• Exercise makes the heart bigger and stronger

When it comes to your heart, exercise plays a vital role in keeping it happy and healthy. When you exercise, your heart rate increases. As your fitness levels begin to improve, your heart in turn becomes stronger, thus decreasing your resting heart rate. According to Live Strong, “As you exercise, the hormone adrenalin causes your blood vessels to expand to allow passage of a greater-than-normal volume of blood. This is called vasodilation, which is a short-term response to exercise and is one of the reasons your surface blood vessels may become more prominent during exercise.” Another important component with exercise and circulation comes from the effect exercise has on your red blood cell count. By continuously working out and improving your fitness regime, you increase the number of red cells in your body. As a result, your body can transport more oxygen to parts of your body.

 

 

Works Cited:
Dale, Patrick. Live Strong. “The Effects of Exercises on the Circulatory System.” http://www.livestrong.com/article/413190-the-effects-of-exercises-on-the-circulatory-system/
Bergeson, Laine. Experience Life. https://experiencelife.com/article/how-exercise-affects-circulation-and-vice-versa/.

 

Get Your Head in the Game

When it comes to your health, two factors usually come to mind: your physical activity and your diet. However, there is a very important and essential factor when it comes to your overall health and well-being that it is too often overlooked: your mental health. Nourishing your brain is important in order for your body to function and operate correctly. Positivity and relaxation are both key components when it comes to improving upon your mental health, but there are some other tips and suggestions we have for you in order to ensure your body can become and stay mentally fit!


AVOID HIGH SUGARS

Our body creates and supplies glucose, which is essential for our brain’s functioning throughout the day. However, the simple sugars which are located in junk food cause peaks and drops in this circulation, and therefore upset the balance of our brain. According to the World Health Organization, it is recommended that only 5% of our caloric intake come from sugars. Today, however, people are consuming close to 5 times that much! Studies have shown that high sugar consumption can lead to low levels of insulin. As a result of this, cognitive functions such as memory and learning skills can be at risk

GET MORE PROTEIN

The amino acids found in the protein we consume are key components for a healthy brain. They provide essential materials that are needed to create the neurotransmitters that our brains depend on. Experts have stated that 20-25% of our daily diet should come from some type of high-quality protein. According to Psychology Today, “The hormones and enzymes that cause chemical changes and control all body processes are made of proteins.” Therefore, the basis for our brain’s daily function stems in part from the proteins we consume.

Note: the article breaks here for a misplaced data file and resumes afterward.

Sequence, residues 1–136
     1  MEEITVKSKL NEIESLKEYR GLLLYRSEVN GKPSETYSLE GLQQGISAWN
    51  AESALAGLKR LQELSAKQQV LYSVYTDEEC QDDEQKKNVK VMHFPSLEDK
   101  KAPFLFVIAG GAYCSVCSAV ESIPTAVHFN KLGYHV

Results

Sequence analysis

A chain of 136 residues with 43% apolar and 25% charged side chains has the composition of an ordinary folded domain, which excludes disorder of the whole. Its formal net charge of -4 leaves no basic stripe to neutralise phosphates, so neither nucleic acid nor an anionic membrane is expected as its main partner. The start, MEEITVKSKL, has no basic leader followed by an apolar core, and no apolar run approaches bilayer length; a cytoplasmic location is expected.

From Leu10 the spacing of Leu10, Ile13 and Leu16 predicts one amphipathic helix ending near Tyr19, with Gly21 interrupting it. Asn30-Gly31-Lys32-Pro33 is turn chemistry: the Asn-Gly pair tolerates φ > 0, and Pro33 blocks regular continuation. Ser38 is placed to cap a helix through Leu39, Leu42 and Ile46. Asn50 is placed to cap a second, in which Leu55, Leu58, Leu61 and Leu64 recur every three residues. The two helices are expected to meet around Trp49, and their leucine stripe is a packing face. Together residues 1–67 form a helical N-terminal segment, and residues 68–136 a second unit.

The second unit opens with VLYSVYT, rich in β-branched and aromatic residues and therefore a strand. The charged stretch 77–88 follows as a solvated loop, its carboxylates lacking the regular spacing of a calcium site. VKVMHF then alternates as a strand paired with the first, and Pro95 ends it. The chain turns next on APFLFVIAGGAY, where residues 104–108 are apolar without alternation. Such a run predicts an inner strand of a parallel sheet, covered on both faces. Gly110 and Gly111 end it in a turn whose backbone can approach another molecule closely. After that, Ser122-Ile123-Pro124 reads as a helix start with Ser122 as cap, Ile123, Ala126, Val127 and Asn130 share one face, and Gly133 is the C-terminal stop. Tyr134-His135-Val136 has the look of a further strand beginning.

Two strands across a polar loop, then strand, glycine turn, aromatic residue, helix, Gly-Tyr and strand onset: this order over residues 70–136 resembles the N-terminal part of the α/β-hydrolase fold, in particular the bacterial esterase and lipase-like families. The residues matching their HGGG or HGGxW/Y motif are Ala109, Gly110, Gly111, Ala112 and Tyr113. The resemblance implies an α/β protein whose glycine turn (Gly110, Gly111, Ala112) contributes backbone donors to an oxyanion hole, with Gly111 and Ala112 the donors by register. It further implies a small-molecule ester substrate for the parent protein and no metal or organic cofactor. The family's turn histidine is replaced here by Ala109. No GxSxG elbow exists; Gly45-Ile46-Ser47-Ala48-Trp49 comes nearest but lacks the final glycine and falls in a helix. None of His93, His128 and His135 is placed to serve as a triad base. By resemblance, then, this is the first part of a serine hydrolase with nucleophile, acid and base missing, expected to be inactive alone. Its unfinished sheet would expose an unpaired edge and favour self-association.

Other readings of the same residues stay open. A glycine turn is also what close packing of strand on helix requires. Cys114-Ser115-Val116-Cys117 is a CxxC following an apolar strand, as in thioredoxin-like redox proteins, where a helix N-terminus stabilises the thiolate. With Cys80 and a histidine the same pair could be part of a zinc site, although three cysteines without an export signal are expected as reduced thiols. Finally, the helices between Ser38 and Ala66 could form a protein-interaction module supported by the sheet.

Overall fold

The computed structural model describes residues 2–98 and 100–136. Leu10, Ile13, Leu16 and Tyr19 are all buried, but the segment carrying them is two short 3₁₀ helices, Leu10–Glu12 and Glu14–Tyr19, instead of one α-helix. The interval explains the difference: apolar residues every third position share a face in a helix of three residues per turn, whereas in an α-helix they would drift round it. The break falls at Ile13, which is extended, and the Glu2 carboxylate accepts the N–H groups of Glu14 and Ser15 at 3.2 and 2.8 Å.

REGULATE YOUR STRESS WITH VITAMINS

Everyone knows how stressful stress can be on your body. Stress hormones, however, can be regulated by vitamins such as Vitamin B, B3, and C. These vitamins can protect your body and its neurotransmitters from stress hormones that can have a negative effect on your body and your overall health.

READ A BOOK

We know that when it comes to your body, it is important to exercise and stay physically active. When it comes to your brain, however, we sometimes tend to forget that we need to do the same thing. Reading is the exercise of the mind! It can help to stimulate your brain and reduce your levels of stress. Reading has also been linked to improvements in memory as well.

REMEMBER TO SMILE

Research shows that a regular gratitude practice has the capacity to create new neural pathways that support a more positive outlook. Being around positive and uplifting people has also been shown to increase your happiness and overall sense of feeling. This is important to remember for you personally because, after all, you don’t want to bring down the people around you!

CK

Works Cited:
https://www.psychologytoday.com/articles/200301/brain-power-why-proteins-are-smart
http://www.huffingtonpost.com/2015/04/06/sugar-brain-mental-health_n_6904778.html

 

5-Ingredient Smoothie

by Brooke Schohl, MS, RD, CSSD, METS II

A smoothie is a quick way to get some calories in when short on time! I encourage my clients to consume a maximum of one protein shake per day and focus the rest of the day on getting protein from food sources. And by no means is a daily protein shake a requirement for endurance athletes.

When building a smoothie, be sure to have all macronutrients represented – a carbohydrate, a fat and a protein. This will help to keep blood sugar stable as well as energy levels. Here is one of my favorites:

  • 1 scoop whey or vegetarian protein powder (protein)
  • 1 banana (carbohydrate)
  • ½ avocado (fat)
  • 2 T chia seeds (fat)
  • 1-cup fresh spinach

Brooke Schohl, MS, RD, CSSD, METS Level II is a registered sports dietitian and the owner of Fuel to the Finish Endurance Nutrition Coaching in Scottsdale, Arizona. She is an avid triathlete, having completed many triathlons of all distances including three IRONMAN races. She integrates that personal experience and knowledge into developing customized, sport-specific, metabolically efficient fueling plans for her clients. For more information on services and offerings, visit her website at www.fueltothefinish.com.